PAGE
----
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PRESS RELEASE - SURVIVAL: The Future of Our National Electricity Industry (Study Report)

Association of Water and Energy Research Malaysia (AWER) has conducted several stakeholder engagements and research work to study our national electricity industry. AWER has compiled our findings, recommendations as well as solutions and published the report entitled ‘Survival: The Future of Our National Electricity Industry’. This report will be submitted to Ministry of Energy, Green Technology and Water (KeTTHA), Energy Commission, Economic Planning Unit, and all Members of Parliament. The softcopy of the report (temporarily only English version) is also uploaded to our website (www.awer.org.my) for public viewing.

 KEY ISSUE 1: Power Purchase Agreement (PPA) Renegotiation Model Proposed by AWER

Based on our study, we found that in general the IPPs take less than 10 years to achieve their return of investment (ROI) and TNB takes more than 10 years. In reality, due to the guaranteed concession agreement (PPAs) and backing from the Federal Government, these IPPs were able to obtained financial loans to carry out their projects without risk. All these costs are eventually passed back to public via tariff. Such lavish operation does not protect nation’s interest. AWER is suggesting government to reduce capacity payment of IPPs from year 2012 onwards. The new capacity payment must be based on audited operational cost, engineering report, and a regulated profit margin. This should be a transparent process. If IPPs agrees to this, the extension of operation can be given via a licensing regime only (no more PPA).

If the IPPs disagree to the proposed renegotiation model, END the PPA when the time comes. However, the Federal Government MUST also do the following:

(i) open for competitive bidding now onwards as we will have sufficient time to plant up new capacities;

(ii) the IPPs that rejected the capacity payment charges reduction should not be allowed (blacklist) to bid in any new generation projects after this;

(iii) the ban (blacklist) should be extended to shareholders and board of directors of the IPPs, their subsidiaries as well as the parent company. None of these shareholders or board of directors should be allowed to involve in any new generation projects through any other new set ups or other forms of entities.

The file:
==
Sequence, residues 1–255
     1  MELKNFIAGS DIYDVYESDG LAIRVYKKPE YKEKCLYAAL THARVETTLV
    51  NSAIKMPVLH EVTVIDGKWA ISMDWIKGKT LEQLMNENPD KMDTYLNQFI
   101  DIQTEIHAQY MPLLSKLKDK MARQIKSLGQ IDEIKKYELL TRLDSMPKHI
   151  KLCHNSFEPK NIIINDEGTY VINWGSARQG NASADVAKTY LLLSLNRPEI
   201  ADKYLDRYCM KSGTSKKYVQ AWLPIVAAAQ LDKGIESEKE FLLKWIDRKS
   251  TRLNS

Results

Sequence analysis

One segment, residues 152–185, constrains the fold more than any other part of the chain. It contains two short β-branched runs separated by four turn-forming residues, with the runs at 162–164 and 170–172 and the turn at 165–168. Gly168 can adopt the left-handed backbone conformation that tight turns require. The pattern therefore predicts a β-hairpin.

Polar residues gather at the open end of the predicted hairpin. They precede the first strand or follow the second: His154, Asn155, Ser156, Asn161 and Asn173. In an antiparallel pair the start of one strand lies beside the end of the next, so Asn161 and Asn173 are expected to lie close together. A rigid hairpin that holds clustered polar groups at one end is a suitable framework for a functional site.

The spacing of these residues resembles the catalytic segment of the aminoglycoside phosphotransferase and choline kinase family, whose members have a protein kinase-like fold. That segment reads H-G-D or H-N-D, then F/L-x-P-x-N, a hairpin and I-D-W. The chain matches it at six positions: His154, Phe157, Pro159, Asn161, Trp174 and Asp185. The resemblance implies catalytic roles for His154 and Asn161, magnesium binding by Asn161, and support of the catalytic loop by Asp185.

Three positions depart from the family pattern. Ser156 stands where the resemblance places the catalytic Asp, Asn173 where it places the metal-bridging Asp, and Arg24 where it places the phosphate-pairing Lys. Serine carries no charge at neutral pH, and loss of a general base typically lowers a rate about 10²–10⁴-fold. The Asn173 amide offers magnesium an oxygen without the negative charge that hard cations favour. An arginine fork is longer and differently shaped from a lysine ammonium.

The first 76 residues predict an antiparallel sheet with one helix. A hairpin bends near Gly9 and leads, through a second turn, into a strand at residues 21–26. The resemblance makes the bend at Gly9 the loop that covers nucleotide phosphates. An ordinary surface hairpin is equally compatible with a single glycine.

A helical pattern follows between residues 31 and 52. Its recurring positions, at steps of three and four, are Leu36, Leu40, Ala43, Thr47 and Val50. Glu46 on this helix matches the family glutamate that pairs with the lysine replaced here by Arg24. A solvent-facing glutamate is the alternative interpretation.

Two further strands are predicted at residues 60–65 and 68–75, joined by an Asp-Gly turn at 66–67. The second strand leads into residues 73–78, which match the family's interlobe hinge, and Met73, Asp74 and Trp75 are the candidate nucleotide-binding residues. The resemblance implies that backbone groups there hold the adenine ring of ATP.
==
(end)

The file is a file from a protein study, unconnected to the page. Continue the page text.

This is because electricity industry cannot afford to accommodate industry players that only look for profit and sacrifice the well being of public and the growth of our beloved nation Malaysia. Therefore, the Federal Government must be FIRM in protecting the people’s interest and the country’s growth.

KEY ISSUE 2: Sustainable Electricity Industry with Equitable Tariff

Tariff is a sensitive issue in any country. To enable Malaysia to be competitive, the following must be implemented before the next tariff adjustment for electricity:

(i) The generation sector contributes most cost to tariff. AWER proposes the generation sector to be fully regulated under Energy Commission. This will complement PPA renegotiation process as well.

(ii) The bidding process for new power plants must have better competitiveness and transparency which can result into equitable tariff. The competitive bidding should incorporate Profit that is Capped, Best Generation Efficiency Available and Equilibrium between Return of Investment (ROI) and Impact to Tariff criteria.

(iii) Tariff setting process must be transparent with public involvement. Equitable and transparent electricity tariff will be one of the factors for investors to invest in Malaysia as well as for affordability of all users. AWER has proposed a few core elements as listed below for the Federal Government to consider in implementing a transparent tariff setting process:

 Audit of capital expenditure (CAPEX) and operational expenditure (OPEX)

  • Benchmarking electricity services related costs
  • Differentiating the electricity services related costs and non-electricity services related cost
  • Reinvestment cost
  • Tariff setting to be punitive and representative of usage by sector
  • Public involvement in tariff setting process to ensure transparency and clear understanding
  • Transparent fuel cost pass-through mechanism


S. PIARAPAKARAN, President, Association of Water and Energy Research Malaysia (AWER)

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